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Small Business

Income Tax Deductions for Start-Ups

A start-up business can claim a current deduction for qualified start-up costs if it meets two requirements, as stated by the IRS.

Do you have an itch to start a new business venture? It could be tough sledding in the current economic environment, but at least the tax law gives you a leg up. Specifically, you may be entitled to claim a current deduction for qualified start-up cots, up to a specified limit.

Basic premise: Unlike most “ordinary and necessary” business expenses which are currently deductible, like rent and supplies, start-up costs generally must be amortized over a period of 60 months. The write-off period begins in the month in which the business begins.

However, entrepreneurs may take advantage of a unique take break. Briefly stated, a start-up business can claim a current deduction for qualified start-up costs if it meets two requirements, as stated by the IRS.

  1. It’s a cost a business could deduct if they paid or incurred it to operate an existing active trade or business, in the same field as the one the business entered into.
  2. It a cost a business pays or incurs before the day their active trade or business begins.

What sort of expenses does this include? Some of the start-up costs that are typically deductible are as follows:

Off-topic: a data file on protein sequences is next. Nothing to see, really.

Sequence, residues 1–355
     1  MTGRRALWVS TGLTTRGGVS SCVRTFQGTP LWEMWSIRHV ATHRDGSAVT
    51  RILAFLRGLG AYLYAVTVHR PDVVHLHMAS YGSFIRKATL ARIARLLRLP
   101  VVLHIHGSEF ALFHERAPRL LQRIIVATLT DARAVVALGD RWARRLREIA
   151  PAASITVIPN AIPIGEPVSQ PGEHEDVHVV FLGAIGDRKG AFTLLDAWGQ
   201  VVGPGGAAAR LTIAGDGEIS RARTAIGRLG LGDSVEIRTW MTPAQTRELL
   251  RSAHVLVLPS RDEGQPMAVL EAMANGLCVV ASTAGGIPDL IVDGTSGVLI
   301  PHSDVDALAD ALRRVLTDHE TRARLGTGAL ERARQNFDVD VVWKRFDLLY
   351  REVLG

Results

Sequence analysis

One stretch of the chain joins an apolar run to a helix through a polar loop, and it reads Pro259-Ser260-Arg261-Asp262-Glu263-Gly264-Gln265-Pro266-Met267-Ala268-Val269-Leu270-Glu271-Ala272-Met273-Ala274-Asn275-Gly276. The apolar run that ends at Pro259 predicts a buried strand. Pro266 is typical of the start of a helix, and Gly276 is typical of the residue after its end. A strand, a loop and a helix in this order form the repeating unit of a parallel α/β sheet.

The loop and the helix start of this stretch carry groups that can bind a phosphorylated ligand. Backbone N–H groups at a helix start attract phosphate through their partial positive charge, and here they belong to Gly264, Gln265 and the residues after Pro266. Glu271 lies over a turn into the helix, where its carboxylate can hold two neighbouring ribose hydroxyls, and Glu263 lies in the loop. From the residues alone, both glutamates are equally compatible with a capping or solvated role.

• Studies of potential markets, products, labor supply, transportation facilities, etc.;
  • Advertisements for the business opening;
  • Salaries and wages for employee training; 
  • Travel and other necessary costs for securing prospective distributors, suppliers or customers; and
  • Salaries and fees for executives and consultants or for similar types of professional services.

But note that certain expenses are specifically excluded. This include expenses required for entering a business (e.g., licensing fees); expenses for attempting to purchase a specific business; interest and taxes; research and experimental expenses and costs of individual business owners. However, these expenses may be deductible as other types of expenses.

Also, be aware of this—

Special rule: The maximum current deduction of $5,000 is phased out on a dollar-for-dollar basis for costs above $50,000. For example, if your start-up costs for the year are $54,000, you can deduct only $1,000.  The reminder must be amortized over 60 months. If your costs exceed $55,000, you get no current write-off.

Of course, the exact date when you’re “open for business” depends on the nature of the business, but this typically means that you have started offering goods or services in exchange for payment. So you can’t simply stick a sign on a store door or window that says you’re open and proclaim that you’re operating a business.

That alone won’t cut it.

Finally, a comparable rule allows you to currently deduct up to $5,000 of your organizational expenses. This typically includes typical expenses of organizing a corporation, partnership or limited liability company (LLC) such as costs for state incorporation fees, creation of legal documents and legal and accounting fees associated with these efforts.